Manufacturers know about your privacy concerns and understand that not every driver wants to be tracked - that's why all major manufacturers offer non-GPS, non-Cloud models in their lineup. Thinkware has the F200 PRO, BlackVue has the DR590X, and FineVu has the GX33 - all these dash cams use an external GPS module.

And for all dash cams, you don't even have to use a mobile app to access your footage. You can always take the microSD card out of your dash cam and plug it into your computer or laptop to view the files using a desktop player.

Almost everyone is wasting money. Our honest opinion…

If you are new to the market or shopping for your first dash cam, our advice is to get the best dash cam that fits your needs and, most importantly, your budget before you obsess over image sensors and ultra-high resolutions.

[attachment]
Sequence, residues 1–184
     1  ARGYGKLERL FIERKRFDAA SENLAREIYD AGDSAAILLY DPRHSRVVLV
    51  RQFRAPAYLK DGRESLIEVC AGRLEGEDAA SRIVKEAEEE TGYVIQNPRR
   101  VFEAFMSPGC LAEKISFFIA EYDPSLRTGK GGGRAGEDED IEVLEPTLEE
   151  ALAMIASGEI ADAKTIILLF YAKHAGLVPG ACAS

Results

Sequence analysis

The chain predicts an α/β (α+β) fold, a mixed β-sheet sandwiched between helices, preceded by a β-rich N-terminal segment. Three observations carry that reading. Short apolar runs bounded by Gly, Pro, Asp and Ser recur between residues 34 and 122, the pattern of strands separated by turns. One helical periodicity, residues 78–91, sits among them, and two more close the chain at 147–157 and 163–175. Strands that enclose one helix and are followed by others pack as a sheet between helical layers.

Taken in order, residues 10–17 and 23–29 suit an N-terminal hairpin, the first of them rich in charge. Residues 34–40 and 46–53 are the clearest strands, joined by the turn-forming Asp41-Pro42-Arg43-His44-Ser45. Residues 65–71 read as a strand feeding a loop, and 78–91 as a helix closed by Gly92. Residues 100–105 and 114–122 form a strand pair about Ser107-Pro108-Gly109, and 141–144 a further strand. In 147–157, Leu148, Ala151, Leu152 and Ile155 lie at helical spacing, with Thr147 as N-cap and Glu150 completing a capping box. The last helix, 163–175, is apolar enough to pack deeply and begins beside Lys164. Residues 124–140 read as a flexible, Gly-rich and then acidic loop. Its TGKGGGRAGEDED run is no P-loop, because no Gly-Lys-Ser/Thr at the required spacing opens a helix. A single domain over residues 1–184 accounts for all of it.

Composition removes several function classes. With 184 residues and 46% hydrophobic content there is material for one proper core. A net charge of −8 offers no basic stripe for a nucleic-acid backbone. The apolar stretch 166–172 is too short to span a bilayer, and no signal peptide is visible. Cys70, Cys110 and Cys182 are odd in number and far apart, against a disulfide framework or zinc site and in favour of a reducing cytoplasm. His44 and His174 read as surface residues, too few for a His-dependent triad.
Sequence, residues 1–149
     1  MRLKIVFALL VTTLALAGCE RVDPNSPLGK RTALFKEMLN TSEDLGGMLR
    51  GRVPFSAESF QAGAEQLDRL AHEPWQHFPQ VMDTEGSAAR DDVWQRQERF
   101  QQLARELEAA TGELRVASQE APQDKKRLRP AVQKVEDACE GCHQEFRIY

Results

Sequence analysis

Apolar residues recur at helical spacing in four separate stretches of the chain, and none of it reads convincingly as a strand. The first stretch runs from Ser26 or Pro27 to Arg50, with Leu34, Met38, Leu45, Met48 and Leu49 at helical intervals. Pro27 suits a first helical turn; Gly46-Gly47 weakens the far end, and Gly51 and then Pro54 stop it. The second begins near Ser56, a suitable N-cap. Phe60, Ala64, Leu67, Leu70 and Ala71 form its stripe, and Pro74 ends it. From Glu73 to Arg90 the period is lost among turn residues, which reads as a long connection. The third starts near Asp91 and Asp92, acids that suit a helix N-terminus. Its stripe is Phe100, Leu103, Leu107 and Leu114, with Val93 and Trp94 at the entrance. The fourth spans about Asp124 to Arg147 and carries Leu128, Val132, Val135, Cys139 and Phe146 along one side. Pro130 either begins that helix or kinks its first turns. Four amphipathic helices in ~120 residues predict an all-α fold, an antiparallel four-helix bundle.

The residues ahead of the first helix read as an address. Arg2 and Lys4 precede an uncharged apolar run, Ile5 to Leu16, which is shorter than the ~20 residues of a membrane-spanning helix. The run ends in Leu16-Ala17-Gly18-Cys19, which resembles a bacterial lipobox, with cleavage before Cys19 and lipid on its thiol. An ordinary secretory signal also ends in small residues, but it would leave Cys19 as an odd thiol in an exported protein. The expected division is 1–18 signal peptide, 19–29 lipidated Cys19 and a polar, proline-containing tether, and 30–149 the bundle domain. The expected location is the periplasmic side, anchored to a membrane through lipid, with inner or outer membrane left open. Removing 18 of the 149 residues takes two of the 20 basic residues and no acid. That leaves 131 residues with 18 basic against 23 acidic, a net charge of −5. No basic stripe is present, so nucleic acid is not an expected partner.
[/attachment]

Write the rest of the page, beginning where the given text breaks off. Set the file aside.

In other words, look for features that satisfy your needs first. Need a dash cam that watches over your car when parked? Your top priority should then be reliable parking mode recording. A 4K dash cam with the latest image sensor and the fastest processor but offers no parking mode will not do you any good.

Then, if you're given a choice between two dash cams that fit your needs and budget, go for the one that offers the best video technology:

  • 4K or 2K over Full HD
  • 30 or 60FPS over anything lower than 30FPS
  • Newer processor

Don't fret about getting all the minute details - it's often not necessary.